14.2 C
London
Sunday, May 9, 2021

Update COVID-19 19 October 2020

19 October 2020 — Eighteen (18) new COVID-19 cases were identified out of 1373 samples tested today. This brings the cumulative number of confirmed cases to four thousand, nine hundred, and ninety-two (4992). To date, four thousand, seven hundred, and ninety-seven (4797) patients have recovered and been discharged, including fourteen (14) in the past 24…
More

    Latest Posts

    SpaceX launches and lands a Falcon 9 rocket booster a record 10th time

    SpaceX has launched another 60 Starlink satellites — making 180 delivered to orbit in under two weeks — but the launch early Sunday morning was more notable because it set a new, key record for Falcon 9 rocket reusability. This marked the 10th flight of the first-stage rocket booster used for the launch, which sets…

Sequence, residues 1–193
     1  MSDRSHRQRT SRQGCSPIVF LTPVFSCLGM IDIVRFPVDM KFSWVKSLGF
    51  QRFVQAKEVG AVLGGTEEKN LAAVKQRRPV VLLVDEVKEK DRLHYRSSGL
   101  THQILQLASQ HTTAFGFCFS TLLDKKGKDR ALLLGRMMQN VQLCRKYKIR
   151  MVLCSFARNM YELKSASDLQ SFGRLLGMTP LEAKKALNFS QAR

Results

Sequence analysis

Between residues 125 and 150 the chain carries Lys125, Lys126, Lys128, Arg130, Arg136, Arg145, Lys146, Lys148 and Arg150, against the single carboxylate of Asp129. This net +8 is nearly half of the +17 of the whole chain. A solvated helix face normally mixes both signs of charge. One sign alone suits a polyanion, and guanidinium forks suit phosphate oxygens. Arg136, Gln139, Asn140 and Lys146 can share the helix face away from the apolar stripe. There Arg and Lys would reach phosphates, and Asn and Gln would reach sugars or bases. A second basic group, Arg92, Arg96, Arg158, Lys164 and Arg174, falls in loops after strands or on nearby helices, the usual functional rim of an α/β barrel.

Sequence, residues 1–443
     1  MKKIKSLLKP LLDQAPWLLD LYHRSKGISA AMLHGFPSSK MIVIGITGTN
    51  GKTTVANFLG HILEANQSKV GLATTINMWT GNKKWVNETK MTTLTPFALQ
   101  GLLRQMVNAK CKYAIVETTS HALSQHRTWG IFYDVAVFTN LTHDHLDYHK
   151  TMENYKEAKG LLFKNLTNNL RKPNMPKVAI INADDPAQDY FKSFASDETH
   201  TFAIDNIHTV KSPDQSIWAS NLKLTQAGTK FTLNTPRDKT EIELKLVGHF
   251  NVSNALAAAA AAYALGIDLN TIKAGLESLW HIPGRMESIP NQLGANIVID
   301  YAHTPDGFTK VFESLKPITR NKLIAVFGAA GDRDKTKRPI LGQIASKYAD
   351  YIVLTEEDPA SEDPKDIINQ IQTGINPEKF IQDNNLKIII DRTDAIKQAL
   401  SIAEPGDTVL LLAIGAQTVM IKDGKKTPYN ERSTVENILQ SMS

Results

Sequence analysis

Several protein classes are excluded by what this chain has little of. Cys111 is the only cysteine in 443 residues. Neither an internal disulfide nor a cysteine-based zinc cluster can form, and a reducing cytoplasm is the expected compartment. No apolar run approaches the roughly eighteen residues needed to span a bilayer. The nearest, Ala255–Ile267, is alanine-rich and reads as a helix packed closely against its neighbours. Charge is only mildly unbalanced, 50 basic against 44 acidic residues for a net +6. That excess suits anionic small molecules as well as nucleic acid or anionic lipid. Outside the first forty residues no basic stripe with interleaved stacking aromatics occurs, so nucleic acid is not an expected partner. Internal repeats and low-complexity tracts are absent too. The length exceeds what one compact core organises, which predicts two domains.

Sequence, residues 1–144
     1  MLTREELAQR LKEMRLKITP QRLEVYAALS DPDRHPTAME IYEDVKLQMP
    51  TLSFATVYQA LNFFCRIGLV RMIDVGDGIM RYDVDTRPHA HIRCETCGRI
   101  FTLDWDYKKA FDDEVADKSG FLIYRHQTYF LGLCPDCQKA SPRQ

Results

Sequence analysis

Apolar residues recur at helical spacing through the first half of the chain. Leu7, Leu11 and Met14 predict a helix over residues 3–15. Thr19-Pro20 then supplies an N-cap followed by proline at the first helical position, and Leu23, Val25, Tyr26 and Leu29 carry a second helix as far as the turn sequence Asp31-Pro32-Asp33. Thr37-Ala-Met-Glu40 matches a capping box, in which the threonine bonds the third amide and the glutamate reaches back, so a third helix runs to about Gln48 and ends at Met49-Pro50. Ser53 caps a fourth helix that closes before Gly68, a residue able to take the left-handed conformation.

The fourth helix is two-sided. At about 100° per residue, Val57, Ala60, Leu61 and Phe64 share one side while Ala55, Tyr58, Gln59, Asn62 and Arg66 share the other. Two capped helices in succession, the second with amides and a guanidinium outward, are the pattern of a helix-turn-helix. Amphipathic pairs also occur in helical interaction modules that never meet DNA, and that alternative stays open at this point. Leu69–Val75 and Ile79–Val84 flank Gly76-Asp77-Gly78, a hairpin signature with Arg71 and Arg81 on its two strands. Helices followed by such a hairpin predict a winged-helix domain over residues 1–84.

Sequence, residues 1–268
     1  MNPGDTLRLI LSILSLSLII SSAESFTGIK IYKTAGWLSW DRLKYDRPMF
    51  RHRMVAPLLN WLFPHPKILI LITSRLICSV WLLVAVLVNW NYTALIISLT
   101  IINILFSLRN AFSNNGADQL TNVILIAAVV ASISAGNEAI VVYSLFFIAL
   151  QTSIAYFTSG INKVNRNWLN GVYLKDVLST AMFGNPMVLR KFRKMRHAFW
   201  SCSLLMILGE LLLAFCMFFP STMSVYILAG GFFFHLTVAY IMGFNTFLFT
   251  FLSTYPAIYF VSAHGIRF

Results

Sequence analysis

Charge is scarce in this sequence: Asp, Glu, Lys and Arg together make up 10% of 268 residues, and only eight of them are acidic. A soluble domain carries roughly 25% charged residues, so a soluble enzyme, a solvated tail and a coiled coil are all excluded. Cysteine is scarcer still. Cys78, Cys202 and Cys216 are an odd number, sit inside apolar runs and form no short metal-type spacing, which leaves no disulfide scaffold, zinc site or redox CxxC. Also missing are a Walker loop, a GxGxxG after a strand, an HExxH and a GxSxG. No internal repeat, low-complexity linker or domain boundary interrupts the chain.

How Duolingo became a $2.4B language unicorn

    At the heart of Duolingo is its mission: to scale free education and increase income potential through language learning. However, the same mission that has helped it grow to a business valued at $2.4 billion with over 500 million registered learners, has led to tensions that continue to define the business. How do you survive…

    How one founder realized the potential of sustainable energy stored deep below our feet

    On this week’s Found podcast, we sat down with Dandelion co-founder and President Kathy Hannun. Kathy came up with the idea for Dandelion while working at Google X, tackling some of the world’s most intractable problems, and making them tractable through the application of technology. Kathy realized that harnessing geothermal energy was a way to…